The Internet was supposed to facilitate direct connections between individuals and dis-empower gatekeepers. Instead, it has become a massive man-in-the-middle attack.
Social networking shouldn't be compulsory, and yet it's becoming an obligation. The hunger among Internet companies for data about who you are, what you do, where you go, and who you know keeps growing. They want you to share so they can earn. So they have violated Communication Neutrality: They have made mechanisms for expression into vehicles for marketing, forcing those who participate in online life to promote.
Social networking has become inescapable. Startups often require a Facebook or Twitter login. Google now requires a Google+ account to post app reviews on Google Play. And in many lines of knowledge work, including journalism, participation in these networks has become a job requirement.
The latest entry in the field comes from Microsoft, which has just opened a social network of its own, the aptly named so.cl. Evidently, the world needs more sharing.
Or it would, if social networks were actually about sharing. The irony of the constant cajoling to share more, of Facebook CEO Mark Zuckerberg's self-serving predictions that everyone will share more in the future, is that social networks themselves limit how they share the data they've collected. They don't so much share as restrict, through contractual API limitations, through incomplete export capabilities, through burdensome processes, under the pretense of user protection, or to spite the competition.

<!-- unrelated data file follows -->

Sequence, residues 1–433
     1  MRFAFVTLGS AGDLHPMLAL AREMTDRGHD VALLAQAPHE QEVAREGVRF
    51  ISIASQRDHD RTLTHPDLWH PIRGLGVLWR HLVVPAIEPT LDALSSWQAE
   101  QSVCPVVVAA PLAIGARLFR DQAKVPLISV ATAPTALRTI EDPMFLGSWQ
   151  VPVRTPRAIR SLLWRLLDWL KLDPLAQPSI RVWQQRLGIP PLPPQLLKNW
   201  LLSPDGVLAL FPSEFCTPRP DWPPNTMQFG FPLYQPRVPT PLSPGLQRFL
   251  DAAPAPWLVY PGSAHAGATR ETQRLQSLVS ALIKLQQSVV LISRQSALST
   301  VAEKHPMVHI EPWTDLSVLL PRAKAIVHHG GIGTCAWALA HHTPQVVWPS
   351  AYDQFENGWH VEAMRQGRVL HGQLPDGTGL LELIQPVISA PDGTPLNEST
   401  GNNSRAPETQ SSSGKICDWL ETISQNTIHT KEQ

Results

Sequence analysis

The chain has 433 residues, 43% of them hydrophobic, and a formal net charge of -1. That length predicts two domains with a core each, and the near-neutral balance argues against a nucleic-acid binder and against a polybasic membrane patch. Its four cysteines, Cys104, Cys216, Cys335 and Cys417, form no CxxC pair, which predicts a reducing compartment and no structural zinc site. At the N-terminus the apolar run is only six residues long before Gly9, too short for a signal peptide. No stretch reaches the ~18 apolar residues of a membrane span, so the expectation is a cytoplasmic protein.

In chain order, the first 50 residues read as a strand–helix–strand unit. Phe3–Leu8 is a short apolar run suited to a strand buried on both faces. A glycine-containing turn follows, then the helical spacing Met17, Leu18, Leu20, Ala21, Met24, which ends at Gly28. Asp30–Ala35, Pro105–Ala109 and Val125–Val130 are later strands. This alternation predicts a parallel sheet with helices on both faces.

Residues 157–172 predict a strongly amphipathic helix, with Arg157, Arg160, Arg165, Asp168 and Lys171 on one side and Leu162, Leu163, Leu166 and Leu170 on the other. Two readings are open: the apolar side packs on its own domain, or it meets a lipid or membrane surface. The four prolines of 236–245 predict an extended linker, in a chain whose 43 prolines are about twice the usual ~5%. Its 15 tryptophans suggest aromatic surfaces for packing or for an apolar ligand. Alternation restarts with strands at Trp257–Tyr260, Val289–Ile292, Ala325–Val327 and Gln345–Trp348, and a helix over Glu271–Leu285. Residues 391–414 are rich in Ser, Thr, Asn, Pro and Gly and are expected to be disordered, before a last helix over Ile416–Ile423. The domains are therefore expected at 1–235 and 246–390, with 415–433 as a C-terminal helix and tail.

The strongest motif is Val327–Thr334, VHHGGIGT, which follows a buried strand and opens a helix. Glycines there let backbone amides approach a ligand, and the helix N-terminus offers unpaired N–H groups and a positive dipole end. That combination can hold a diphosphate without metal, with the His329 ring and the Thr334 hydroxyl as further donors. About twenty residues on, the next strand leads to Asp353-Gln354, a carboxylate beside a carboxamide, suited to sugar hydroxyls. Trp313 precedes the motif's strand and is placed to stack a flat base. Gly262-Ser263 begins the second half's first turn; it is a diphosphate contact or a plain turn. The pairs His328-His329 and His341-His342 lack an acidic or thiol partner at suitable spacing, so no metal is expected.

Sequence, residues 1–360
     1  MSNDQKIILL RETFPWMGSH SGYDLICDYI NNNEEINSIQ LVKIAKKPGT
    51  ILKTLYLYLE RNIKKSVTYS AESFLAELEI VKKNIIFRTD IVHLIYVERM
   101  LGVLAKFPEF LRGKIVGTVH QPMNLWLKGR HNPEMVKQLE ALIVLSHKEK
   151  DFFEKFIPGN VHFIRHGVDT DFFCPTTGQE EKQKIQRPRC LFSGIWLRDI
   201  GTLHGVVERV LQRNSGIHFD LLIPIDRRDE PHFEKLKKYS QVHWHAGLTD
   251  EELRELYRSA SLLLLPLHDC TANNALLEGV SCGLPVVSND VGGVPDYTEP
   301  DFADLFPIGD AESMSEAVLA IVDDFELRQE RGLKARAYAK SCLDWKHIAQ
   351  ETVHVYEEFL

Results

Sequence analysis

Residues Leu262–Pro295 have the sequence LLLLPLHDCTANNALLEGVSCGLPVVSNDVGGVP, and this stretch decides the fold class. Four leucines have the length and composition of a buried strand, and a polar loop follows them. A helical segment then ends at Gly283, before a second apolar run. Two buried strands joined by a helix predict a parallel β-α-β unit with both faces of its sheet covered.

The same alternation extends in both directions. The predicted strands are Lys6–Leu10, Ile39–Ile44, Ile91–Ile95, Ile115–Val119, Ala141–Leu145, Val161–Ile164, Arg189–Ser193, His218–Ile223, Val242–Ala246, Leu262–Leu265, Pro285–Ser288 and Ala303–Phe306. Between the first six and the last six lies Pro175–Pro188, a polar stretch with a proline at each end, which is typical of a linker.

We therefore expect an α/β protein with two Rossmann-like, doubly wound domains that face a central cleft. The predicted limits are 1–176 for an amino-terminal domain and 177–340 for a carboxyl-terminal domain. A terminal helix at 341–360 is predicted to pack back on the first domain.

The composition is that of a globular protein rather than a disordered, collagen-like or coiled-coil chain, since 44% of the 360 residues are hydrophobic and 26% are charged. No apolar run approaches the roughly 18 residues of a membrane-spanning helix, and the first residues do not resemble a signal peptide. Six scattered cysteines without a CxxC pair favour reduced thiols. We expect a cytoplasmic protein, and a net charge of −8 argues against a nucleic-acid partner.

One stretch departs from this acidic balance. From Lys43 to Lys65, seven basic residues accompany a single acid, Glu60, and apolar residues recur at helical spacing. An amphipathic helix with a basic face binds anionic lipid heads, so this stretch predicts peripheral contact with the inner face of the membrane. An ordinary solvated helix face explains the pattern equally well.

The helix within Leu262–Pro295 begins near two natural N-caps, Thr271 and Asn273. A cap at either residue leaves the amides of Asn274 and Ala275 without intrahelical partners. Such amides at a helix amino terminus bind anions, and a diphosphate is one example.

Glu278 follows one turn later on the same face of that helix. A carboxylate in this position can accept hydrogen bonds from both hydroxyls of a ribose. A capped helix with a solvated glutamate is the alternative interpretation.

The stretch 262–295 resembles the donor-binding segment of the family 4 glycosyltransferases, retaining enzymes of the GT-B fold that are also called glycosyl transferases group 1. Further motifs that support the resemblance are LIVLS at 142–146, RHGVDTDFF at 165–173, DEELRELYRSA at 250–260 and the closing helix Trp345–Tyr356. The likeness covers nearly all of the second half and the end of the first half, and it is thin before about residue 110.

Consider the latest dustup between Instagram and Twitter. According to the New York Times, Instagram's CEO Kevin Systrom acknowledged that his Facebook-owned company has eliminated the ability to embed pictures in Twitter and intends to make posts to Twitter redirect users to Instagram to view images.
Share and share alike? Hardly. You promote, we monetize.
Social networking isn't about sharing. It's about marketing. Perhaps the most obvious proof of that is Facebook's promoted posts, through which advertisers can pay to have their marketing distributed more widely in Facebook users' news feeds.
Sharing at its best is private, personal and genuine. It's direct. It doesn't involve intermediaries. It doesn't have terms of service or privacy policies that describe how you will not be getting privacy. But public sharing is something else entirely. It's publishing, or something like it, paid for by free online services worth far less than the data surrendered and the labor required to produce it. But that's capitalism, isn't it? Buy low, sell high.
Thomas Claburn has been writing about business and technology since 1996, for publications such as New Architect, PC Computing, InformationWeek,...
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